In India, several underground coal mines operate in close proximity to active surface mines where regular blasting is being practiced to remove overburden rocks and coal seam. Due to this, safety and stability of underground mine openings and structures viz. coal pillars, roof, water dams, ventilation, isolation stoppings and others may be compromised. In order to study the effects of surface blasting on adjacent underground workings, peak particle velocity (PPV) had been monitored at various locations in an underground Bord and Pillar mine. The monitored data were analyzed to develop a predictor equation of PPV based on distance (R) from the source of blasting and charge (explosive quantity) per delay (Q). The study finds that Q factor, generally used in predictor equations of PPV, may not be applicable while estimating PPV at an underground location. Depending on the rock strata through which stress waves transmits from the surface to underground, 0.35 Q factors may be appropriate while estimating the scale distance which is considered as a measure of PPV. This paper describes monitoring of ground vibration at underground locations and data analysis of PPVs using regression and neural network techniques. The paper also compares the results obtained using these two techniques.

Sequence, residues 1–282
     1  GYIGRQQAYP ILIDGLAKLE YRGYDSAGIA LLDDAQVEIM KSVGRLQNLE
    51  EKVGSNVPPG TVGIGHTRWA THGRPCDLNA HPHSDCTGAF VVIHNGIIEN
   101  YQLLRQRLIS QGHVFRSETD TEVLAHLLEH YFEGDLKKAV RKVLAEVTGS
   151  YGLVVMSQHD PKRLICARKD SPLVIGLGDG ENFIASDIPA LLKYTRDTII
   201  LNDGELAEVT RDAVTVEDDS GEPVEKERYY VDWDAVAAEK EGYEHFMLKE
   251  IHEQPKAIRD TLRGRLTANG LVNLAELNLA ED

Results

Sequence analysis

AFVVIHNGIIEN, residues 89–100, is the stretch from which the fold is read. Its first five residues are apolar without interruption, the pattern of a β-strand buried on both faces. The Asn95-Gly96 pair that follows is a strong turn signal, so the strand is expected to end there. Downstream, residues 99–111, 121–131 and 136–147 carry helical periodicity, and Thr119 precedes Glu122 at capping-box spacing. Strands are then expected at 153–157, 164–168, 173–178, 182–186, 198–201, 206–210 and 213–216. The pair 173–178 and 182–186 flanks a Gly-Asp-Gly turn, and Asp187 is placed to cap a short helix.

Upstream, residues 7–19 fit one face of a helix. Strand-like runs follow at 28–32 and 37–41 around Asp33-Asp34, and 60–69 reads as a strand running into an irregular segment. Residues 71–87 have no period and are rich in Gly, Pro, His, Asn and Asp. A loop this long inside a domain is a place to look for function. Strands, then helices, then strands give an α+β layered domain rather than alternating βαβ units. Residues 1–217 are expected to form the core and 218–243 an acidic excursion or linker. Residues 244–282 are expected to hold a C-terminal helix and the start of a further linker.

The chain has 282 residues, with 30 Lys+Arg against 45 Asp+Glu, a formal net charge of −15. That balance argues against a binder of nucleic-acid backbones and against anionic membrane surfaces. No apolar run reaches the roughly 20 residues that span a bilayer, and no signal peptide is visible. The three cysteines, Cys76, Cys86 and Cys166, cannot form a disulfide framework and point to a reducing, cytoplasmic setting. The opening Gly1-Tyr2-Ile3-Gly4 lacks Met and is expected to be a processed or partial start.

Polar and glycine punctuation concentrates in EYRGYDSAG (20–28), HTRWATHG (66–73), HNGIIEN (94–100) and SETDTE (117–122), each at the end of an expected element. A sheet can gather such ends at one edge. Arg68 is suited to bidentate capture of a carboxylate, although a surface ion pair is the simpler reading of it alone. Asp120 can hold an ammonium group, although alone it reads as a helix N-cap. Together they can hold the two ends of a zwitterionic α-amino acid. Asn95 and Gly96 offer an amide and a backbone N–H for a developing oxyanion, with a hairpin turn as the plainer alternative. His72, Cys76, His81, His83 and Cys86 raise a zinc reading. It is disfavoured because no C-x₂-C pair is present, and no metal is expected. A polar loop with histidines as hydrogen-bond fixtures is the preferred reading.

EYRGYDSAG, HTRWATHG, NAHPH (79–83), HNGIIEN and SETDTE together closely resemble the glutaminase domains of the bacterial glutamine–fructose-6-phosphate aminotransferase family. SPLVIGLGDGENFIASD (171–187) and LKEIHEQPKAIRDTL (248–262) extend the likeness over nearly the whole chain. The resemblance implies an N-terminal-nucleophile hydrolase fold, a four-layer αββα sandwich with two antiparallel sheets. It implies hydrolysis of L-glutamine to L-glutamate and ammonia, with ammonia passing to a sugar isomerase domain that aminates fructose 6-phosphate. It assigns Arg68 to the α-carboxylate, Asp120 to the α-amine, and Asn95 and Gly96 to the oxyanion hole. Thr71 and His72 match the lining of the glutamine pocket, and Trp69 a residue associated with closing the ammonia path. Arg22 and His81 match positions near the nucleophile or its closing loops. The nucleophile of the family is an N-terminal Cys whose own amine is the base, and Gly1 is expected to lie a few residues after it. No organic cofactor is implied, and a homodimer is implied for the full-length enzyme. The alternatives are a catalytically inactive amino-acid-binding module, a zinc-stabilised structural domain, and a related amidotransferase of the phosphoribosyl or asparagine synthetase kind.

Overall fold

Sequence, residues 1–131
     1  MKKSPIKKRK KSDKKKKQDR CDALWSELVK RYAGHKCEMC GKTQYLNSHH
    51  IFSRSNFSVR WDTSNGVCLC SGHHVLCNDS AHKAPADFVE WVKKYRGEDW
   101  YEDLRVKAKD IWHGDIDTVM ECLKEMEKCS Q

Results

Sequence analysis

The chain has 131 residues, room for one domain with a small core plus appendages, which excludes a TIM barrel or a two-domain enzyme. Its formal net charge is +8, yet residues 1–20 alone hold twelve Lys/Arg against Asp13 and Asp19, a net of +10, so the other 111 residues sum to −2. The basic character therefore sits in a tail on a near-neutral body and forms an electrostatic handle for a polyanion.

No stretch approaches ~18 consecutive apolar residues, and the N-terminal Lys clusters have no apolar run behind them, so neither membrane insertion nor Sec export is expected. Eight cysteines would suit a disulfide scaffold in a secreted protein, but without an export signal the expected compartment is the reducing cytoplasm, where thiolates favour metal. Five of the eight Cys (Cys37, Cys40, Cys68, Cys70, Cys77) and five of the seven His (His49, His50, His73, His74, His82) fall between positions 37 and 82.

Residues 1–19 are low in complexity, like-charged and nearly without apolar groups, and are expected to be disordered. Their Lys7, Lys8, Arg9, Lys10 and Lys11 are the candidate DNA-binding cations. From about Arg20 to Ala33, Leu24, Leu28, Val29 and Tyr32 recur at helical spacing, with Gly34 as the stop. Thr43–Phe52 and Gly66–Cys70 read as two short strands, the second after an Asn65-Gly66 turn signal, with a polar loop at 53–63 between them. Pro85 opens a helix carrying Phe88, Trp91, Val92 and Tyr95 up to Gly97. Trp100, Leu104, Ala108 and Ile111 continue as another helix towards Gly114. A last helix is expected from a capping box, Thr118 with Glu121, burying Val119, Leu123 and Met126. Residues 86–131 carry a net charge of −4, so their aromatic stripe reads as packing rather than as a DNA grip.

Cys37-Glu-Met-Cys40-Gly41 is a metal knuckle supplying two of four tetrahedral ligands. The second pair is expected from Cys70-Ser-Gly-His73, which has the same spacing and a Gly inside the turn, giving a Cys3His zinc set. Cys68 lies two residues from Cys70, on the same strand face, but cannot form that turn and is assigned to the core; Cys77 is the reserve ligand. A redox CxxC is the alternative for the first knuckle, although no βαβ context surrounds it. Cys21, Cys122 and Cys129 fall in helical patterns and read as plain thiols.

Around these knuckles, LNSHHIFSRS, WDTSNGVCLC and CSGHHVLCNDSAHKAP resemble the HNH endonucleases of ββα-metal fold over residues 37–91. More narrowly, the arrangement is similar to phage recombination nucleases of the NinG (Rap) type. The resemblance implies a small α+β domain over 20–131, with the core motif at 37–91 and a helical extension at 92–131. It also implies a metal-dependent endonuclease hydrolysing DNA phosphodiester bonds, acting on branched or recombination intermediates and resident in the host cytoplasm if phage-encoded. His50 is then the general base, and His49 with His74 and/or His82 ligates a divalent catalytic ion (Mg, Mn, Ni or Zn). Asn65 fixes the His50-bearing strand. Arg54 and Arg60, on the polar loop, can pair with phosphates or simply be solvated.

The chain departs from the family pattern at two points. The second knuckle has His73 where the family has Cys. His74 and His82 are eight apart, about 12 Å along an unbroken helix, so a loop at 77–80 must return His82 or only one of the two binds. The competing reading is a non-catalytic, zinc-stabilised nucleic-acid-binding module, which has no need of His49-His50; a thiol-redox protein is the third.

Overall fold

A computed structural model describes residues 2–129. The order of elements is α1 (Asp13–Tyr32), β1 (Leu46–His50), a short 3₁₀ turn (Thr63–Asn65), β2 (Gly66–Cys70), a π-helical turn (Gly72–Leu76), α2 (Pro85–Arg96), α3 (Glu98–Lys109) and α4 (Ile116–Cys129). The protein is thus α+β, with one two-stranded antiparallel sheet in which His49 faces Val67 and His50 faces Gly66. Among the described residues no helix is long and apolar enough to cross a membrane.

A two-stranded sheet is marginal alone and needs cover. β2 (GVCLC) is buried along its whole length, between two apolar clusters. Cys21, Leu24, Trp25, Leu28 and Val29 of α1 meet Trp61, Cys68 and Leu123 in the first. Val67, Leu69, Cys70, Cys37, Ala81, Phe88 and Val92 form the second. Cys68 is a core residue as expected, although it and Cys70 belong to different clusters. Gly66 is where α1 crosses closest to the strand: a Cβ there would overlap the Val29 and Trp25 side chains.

There are several underground mines in India which operate in close proximity to an operating surface mines. Under such working conditions, there exists an immense danger to the safety and stability of underground mine openings and various underground structures viz. coal pillars, roof, water dams, ventilation and isolation stoppings situated in close proximity to operating surface mines. The prediction of the peak vibration level normally measured by Peak Particle Velocity (PPV) at the various underground structures caused by neighbouring surface mine blasting is pivotal for the safety of underground structures in terms of pillar spalling, roof collapse and junction failure. In addition, the prediction of vibration will help the surface mine operators to carry out optimum size controlled surface blasting with regard to the safety of the underground mine structures. The attenuation of vibration depends mainly on the charge weight, frequency content of wave motion and geotechnical properties of the transmitting medium. The interrelationship between the charge weight, distance and the amplitude of the motion form the basis of describing an attenuation law. Over the years, several predictor equations (attenuation law) of PPV were developed based on quantity of charge per delay and distance from the source of blasting (Langefors and Kihlstrom, 1958, Duvall and Fogelson, 1962). In most of the predicator equations, square root of charge per delay is assumed to be related with scale distance which is a measure of PPV. A few studies have been conducted to forecast PPVs at an underground location due to surface blasting. For the same charge and distance, attenuation of particle vibration (acceleration and velocity) is more at an underground point as compared a surface point where free surfaces are available (Fourie and Green,1993, Singh 2000, Deb and Jha, 2010, Jha, 2010).